HAVANA—The elegant Hotel Saratoga was supposed to reopen in Havana on Tuesday after a two-year pandemic break. Instead, it was a day of mourning for the 43 people known to have died in an explosion that ripped the building apart.
Emergency workers continued to hunt through the ruins for other victims as experts began to consider the fate of 19th century building, a former warehouse that had been converted into hotel early in the last century.
Roberto Enriquez, a spokesman for the military-owned Gaviota tourism company that operates the Saratoga, said experts' initial estimates are that 80 percent of the hotel was damaged by Friday's explosion, which hurled tons of concrete chunks into the busy streets just a block from the country's Capitol and seriously harmed neighboring structures.
He said that when rescue efforts finish, authorities would look more deeply into what to do with the structure.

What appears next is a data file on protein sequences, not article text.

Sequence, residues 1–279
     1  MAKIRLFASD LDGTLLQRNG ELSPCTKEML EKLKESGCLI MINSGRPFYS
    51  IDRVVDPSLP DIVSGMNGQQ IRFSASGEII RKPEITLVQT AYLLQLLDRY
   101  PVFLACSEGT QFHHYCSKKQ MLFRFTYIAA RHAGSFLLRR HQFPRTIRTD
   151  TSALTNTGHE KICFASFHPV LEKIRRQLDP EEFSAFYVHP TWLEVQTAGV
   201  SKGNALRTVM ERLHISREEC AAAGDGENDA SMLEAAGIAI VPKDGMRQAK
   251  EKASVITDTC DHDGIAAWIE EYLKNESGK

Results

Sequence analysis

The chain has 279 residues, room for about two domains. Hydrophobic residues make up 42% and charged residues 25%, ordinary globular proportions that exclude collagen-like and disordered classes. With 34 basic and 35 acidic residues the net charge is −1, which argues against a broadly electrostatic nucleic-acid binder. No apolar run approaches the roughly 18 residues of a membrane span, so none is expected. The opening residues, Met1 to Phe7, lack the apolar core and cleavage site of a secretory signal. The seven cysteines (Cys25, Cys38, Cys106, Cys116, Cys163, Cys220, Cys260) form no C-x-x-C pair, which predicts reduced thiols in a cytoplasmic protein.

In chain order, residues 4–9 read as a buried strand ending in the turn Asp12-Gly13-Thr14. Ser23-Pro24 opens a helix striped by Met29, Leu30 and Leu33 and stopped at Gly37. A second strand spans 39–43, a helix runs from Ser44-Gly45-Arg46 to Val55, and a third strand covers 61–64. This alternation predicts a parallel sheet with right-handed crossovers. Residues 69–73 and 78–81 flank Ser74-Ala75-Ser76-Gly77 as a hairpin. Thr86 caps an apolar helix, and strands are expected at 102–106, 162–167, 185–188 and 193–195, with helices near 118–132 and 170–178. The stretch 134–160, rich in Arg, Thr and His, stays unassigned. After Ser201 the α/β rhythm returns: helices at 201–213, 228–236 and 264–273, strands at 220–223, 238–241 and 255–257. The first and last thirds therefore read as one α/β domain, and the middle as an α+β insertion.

Officials reported Tuesday evening that a 43rd body had been found, but it was not immediately known if the latest victim worked at the hotel.
Enriques said earlier in the day that 51 people were working to get the hotel ready for its re-inauguration, and 23 of them were among the confirmed dead—executives and maids, cooks and reception desk workers, security personnel, and technicians. He said three workers remained missing, believed to be buried under the debris.
Authorities have said they suspect the cause was a leak of gas as a tank truck was servicing the building.
The Ministry of Health said Tuesday evening that the overall death toll had risen to 43, including at least one Spanish tourist. Seventeen people remained hospitalized.
The head of the Communist Party for Havana, Luis Antonio Torres Iríbar, said that 38 homes had been affected by the explosion and 95 people had to be relocated, according to the official Cubadebate website.
He said one of the neighboring buildings would have to be demolished.